BvS is even better after a third watch

By Gina | No. 2

This is not a popular opinion. When Batman v Superman: Dawn of Justice opened in theaters, it wasn’t well-received. For those who’ve been entertained by the Marvel franchise, I can see why. Sort of. My interpretation is that BvS (and Man of Steel) was too cinematic and not enough, well, just, entertainment. Anything that attempts to do more than elicit gawkery and laughs is too complicated. Anything that requires the audience to actively engage with the film is too much effort. Viewers don’t want to think while they watch. They just want to… watch. Brains turned off. And, of course, this shitting got piled onto the director, Zack Snyder. It’s too bad, really, because BvS, like Man of Steel, is beautiful, even for a comic book movie (and better than most, if not all, Marvel films). And I cannot wait for the Snyder Cut of Justice League.

If critics are to be believed, there’s much to bemoan about Snyder’s BvS. But the gnashing about the film seems centered around a preset conception of what a superhero film “should look like.” (Let’s ignore, for a moment, the tendency of studios wrecking potentially great films.) There’s safety for both the creator and their audience to follow a set script of film making. BvS, like Man of Steel, was a creative risk that when compared to other non-Snyder-made comic book movies was likely to get a lukewarm reception. It’s different. People don’t like it when things are different. There’s comfort in knowing what to expect, even if you don’t really know what to expect. This is a script that the drab Marvel movies do so well.

But ‘nuf about movies. (Except, I really miss going to the theater.)


Paint Me in a Fever Pitch

I haven’t hit an obsessive fever pitch the way Samantha has with cross-stitching, but I totally get her sentiment about doing something that you just purely enjoy. When I picked up gouache during my two-week time off in June/July, I wasn’t sure I’d even like to paint. I’ve dabbled with watercolor, scraped around with colored pencils, and whatnot so I didn’t think painting with gouache would end up being… so… just so damn peaceful. (By the way, Samantha has some kickass cross-stitching.)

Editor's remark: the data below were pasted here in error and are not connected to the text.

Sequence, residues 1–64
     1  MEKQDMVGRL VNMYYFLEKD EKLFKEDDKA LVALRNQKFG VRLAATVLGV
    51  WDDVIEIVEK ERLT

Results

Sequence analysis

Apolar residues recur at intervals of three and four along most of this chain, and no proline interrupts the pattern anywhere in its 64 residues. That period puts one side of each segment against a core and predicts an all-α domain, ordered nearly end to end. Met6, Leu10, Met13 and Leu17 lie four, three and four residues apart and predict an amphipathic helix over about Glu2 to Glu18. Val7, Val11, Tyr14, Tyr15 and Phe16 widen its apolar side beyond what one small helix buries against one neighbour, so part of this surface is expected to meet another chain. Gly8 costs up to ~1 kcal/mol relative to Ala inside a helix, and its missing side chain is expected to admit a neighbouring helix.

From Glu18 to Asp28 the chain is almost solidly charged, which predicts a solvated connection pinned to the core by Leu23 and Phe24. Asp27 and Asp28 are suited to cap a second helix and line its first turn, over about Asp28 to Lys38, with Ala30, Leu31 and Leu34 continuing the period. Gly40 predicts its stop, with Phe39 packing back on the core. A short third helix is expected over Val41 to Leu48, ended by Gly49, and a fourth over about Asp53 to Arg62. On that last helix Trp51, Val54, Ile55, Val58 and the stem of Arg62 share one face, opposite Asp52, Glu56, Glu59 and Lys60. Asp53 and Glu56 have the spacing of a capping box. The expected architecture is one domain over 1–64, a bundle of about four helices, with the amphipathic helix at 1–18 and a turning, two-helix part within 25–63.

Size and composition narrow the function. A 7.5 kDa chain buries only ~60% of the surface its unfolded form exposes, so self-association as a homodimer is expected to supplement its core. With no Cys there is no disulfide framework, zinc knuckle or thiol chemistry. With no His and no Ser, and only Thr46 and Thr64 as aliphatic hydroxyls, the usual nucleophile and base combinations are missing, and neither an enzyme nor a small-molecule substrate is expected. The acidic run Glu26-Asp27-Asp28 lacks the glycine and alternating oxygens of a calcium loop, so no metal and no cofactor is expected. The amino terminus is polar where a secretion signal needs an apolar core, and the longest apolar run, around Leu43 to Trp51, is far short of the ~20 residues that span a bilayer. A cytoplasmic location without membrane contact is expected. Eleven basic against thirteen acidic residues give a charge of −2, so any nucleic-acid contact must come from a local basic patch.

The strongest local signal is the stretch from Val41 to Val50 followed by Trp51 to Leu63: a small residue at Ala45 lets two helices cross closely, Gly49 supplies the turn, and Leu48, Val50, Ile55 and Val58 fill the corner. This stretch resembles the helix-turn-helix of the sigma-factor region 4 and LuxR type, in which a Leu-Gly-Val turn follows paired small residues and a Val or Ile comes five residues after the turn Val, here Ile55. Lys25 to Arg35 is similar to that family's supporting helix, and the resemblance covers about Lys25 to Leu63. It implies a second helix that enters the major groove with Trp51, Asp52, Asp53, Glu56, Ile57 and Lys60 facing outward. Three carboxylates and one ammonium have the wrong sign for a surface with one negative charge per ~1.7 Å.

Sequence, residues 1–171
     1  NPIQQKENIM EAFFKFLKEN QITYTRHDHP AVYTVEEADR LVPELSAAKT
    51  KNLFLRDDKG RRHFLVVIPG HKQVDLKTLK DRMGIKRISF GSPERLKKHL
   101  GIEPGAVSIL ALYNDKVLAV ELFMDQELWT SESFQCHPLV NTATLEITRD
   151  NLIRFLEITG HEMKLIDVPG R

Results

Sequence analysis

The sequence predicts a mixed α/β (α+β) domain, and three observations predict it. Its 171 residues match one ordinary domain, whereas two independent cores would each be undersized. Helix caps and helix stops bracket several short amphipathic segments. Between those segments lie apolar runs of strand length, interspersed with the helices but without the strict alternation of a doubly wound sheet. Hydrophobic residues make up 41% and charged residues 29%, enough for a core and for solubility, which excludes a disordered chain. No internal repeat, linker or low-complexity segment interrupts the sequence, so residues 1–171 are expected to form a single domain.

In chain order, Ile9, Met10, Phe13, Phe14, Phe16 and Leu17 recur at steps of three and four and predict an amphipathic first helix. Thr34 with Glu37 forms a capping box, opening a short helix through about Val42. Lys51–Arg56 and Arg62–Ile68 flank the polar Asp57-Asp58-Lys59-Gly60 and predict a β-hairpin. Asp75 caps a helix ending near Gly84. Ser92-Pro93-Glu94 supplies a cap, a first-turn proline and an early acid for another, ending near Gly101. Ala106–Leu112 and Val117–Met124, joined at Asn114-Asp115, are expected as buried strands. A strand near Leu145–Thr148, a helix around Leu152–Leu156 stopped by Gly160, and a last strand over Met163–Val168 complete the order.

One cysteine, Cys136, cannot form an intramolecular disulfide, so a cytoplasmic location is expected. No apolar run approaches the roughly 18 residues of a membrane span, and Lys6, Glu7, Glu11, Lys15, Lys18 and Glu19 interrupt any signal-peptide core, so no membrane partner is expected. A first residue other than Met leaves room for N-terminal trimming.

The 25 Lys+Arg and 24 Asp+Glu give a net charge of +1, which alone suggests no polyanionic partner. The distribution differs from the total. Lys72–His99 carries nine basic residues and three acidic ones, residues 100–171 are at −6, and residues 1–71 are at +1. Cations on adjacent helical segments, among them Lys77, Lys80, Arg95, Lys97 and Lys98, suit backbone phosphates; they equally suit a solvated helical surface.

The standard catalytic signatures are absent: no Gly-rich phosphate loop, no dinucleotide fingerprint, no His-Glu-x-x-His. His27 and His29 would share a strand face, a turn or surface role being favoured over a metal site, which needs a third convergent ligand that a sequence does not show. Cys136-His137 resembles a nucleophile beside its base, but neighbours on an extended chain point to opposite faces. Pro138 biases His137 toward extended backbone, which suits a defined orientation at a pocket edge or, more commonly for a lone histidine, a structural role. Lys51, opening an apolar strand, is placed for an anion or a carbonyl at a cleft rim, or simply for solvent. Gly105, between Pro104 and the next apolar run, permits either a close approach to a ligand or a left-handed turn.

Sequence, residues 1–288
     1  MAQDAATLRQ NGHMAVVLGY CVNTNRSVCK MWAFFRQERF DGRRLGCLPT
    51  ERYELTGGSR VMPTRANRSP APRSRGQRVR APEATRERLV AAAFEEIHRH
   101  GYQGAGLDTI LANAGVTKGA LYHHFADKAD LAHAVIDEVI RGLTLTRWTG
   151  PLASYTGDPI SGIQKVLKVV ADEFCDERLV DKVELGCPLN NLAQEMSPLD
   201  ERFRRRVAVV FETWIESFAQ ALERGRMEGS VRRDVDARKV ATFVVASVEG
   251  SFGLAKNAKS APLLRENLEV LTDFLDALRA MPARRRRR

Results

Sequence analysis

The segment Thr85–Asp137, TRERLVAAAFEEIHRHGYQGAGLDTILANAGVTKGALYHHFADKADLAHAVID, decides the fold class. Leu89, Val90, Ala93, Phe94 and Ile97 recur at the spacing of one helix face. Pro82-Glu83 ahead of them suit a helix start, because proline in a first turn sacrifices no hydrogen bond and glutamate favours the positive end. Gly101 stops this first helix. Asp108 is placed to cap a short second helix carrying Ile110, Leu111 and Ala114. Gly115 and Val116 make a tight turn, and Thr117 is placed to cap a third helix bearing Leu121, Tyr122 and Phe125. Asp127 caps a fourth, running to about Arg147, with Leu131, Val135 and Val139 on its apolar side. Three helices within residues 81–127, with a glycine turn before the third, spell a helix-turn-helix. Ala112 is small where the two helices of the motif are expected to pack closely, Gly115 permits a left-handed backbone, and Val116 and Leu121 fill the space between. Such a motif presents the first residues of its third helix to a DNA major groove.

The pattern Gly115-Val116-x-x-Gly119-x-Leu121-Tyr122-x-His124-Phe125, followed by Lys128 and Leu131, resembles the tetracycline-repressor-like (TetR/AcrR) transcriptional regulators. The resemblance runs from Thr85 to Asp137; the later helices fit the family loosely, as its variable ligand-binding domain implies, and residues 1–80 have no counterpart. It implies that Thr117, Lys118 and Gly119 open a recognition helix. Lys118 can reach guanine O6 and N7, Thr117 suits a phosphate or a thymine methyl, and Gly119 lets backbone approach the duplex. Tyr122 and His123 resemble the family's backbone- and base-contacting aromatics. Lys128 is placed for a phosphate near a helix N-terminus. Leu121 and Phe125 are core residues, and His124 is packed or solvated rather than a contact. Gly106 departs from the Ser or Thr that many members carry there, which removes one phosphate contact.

I’m now at 22 out of 30 birds and I’ve gotten nice comments via Instagram stories, where I’ve been posting them as well as questions. What are my plans with the 30 bird paintings? When I started this exercise I didn’t really have a plan. I just wanted to paint something and practice using gouache. Now that the question is out there, I’m leaning towards selling them, singularly and as little bundle packs. Specific details still to come but I want to keep it simple. I like that others are enjoying my paintings so I want to keep that as my main focus.

Plus: I’m already seeing this project as “volumes” as I’m already thinking about the next batch of 30 birds I want to paint. So look out. Volume 1: Birds coming soon. 😉

Here are some recent favorites of mine:


For Your Consideration

California, hell, the West Coast is up in flames. First - to all my peeps in NoCal and the immediate vicinity of these fires: Stay safe! While looking at the California fires map to see where the burning was, I also looked at an air quality map to see the extent of the fires. I read that people all the way in Michigan were being affected with ash particles and other fire-related pollutants from the coast. The smoke map may have shifted when you look at it, but it’s (horrifyingly) cool to see the secondary and even tertiary impact these wildfires are having. (even this screenshot looks different from when I first looked at the map 5 hours ago)

Who knew Schitt’s Creek would be so funny. (Though, tbh, I think it’s only funny because Eugene Levy and Catherine O’Hara are in it. And while looking something up, I learned that the actor and actress who play David and Twylah are Eugene’s son and daughter. 🤯) I devoured a few books recently, starting with Paul Theroux’s The Old Patagonia Express. I might have figured out why I enjoy his travelogues more than others, and he even states it in his book. Travel writers write about their destinations—and rightly so. But more often than not, they don’t write about the travel to the destination which, imho, adds to the overall experience of reading the travelogue. “But you can’t write about your plane ride,” you might say. True. That’s boring as hell but did you have to fly if you didn’t really need to? It seems part of the adventure is in purposefully putting in adventure potential the way Theroux has done. On top of that, the traveled man pays homage and references passages of books that he’s read. In this instance, it was horror playing out. As soon as I finished Patagonia, I picked up The Narrative of Arthur Gordon Pym of Nantucket, Poe novella that inspired H.P. Lovecraft. After sleuthing I also read The King in Yellow by Robert W. Chambers—another Lovecraft muse. Throughout my reading, I couldn’t stop my brain from creating images of a true-life-inspired horror story that I’ve wanted to work on.


NYC Wildlife

Pizza Rat is King.

‘Til next time 🍕


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